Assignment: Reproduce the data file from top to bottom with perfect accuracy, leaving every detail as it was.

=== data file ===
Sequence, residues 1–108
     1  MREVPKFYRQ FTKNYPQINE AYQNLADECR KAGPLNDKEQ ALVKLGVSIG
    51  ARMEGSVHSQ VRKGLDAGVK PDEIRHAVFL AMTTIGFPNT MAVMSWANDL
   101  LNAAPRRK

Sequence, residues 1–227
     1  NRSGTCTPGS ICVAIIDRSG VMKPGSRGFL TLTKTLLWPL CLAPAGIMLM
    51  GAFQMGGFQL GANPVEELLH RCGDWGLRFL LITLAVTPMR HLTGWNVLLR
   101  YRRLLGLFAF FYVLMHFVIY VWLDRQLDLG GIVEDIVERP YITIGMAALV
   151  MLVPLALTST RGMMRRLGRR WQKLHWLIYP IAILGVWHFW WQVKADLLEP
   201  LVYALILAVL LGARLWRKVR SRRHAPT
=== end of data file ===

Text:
Sequence, residues 1–108
     1  MREVPKFYRQ FTKNYPQINE AYQNLADECR KAGPLNDKEQ ALVKLGVSIG
    51  ARMEGSVHSQ VRKGLDAGVK PDEIRHAVFL AMTTIGFPNT MAVMSWANDL
   101  LNAAPRRK

Sequence, residues 1–227
     1  NRSGTCTPGS ICVAIIDRSG VMKPGSRGFL TLTKTLLWPL CLAPAGIMLM
    51  GAFQMGGFQL GANPVEELLH RCGDWGLRFL LITLAVTPMR HLTGWNVLLR
   101  YRRLLGLFAF FYVLMHFVIY VWLDRQLDLG GIVEDIVERP YITIGMAALV
   151  MLVPLALTST RGMMRRLGRR WQKLHWLIYP IAILGVWHFW WQVKADLLEP
   201  LVYALILAVL LGARLWRKVR SRRHAPT